Back in the ocean, the Arkansas discovers Tampa  Bay, but also finds the sunken Russian submarine, damaged in a manner that suggests internal sabotage rather than external attack. They are attacked by another Russian submarine that has been watching events hidden under an iceberg, but Glass is able to destroy the new sub and rescue survivors from the original wreck, including submarine captain Sergei Andropov. Andropov and Glass are on opposite sides, but can they find a common goal?

Hunter Killer is based on the 2012 novel, Firing Point, by Don Keith and George Wallace. It has been adapted into a screenplay by Arne Schmidt and Jamie Moss. Moss worked uncredited on some blockbusters and got due credit for Spectral and Ghost in the Shell. In Hidden Killer, Arne Schmidt is working on his second film, after a twenty year hiatus. As can be expected, it is difficult to show appreciation or disappointment for any individual effort when as many as four writers have worked on the film.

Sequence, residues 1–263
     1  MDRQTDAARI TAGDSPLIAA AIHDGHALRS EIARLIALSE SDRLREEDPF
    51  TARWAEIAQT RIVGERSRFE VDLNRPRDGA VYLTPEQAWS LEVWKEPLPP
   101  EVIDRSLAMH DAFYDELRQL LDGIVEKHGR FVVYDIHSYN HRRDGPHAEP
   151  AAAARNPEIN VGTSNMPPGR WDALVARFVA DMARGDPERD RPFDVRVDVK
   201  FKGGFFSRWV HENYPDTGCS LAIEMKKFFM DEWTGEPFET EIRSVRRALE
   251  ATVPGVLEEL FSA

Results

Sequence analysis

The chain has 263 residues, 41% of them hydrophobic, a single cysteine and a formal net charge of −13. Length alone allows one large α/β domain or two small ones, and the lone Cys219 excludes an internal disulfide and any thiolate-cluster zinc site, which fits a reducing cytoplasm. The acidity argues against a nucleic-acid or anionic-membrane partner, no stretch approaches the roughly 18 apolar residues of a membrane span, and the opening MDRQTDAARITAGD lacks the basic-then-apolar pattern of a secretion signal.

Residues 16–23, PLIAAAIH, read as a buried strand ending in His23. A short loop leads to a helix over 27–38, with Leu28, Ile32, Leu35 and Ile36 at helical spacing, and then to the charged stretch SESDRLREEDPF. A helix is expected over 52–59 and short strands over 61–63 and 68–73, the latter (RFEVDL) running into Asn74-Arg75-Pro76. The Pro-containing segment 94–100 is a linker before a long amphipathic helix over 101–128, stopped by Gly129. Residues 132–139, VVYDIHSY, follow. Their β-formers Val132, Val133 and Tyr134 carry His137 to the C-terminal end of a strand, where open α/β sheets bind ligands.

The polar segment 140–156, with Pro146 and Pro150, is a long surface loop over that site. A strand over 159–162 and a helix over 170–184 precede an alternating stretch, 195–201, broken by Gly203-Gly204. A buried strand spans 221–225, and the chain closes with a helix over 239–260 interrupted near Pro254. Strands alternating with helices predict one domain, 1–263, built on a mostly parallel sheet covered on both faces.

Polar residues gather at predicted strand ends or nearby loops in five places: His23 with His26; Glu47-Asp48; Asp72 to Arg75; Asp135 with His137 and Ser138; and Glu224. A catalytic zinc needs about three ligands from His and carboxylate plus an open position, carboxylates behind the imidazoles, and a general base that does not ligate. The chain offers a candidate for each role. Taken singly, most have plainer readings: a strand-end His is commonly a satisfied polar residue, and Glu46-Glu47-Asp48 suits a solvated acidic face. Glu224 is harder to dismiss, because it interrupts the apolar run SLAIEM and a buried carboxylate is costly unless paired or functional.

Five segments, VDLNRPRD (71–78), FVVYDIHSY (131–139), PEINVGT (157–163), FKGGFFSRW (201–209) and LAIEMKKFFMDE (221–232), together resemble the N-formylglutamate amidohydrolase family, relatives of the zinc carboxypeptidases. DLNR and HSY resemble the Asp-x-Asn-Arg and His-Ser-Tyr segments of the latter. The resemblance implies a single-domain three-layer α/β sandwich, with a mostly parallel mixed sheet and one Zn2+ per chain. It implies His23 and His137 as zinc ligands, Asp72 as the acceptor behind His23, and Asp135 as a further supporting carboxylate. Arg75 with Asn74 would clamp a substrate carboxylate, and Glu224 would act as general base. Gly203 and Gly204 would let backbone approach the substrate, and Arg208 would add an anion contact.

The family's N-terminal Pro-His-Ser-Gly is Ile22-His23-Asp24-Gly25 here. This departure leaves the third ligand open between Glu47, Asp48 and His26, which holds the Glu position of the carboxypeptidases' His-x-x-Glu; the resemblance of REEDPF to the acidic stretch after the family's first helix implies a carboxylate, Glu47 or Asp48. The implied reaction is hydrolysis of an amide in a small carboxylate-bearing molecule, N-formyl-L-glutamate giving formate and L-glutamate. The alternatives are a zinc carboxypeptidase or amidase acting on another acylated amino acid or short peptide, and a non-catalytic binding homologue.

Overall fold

Like in most novels, decorum and systems are painstakingly detailed and executed. The story runs on three parallel tracks—the Russian sea-base, the American war office and the navy SEALs watching the base. Interestingly, the US President is shown as a woman, though that fact does not bring any different or deeper insight into the war analytics. The trauma that the sub’s crew goes through, including grievous physical injuries, is well delineated. Likewise, the SEALs find it no cakewalk either, and not all come back home alive.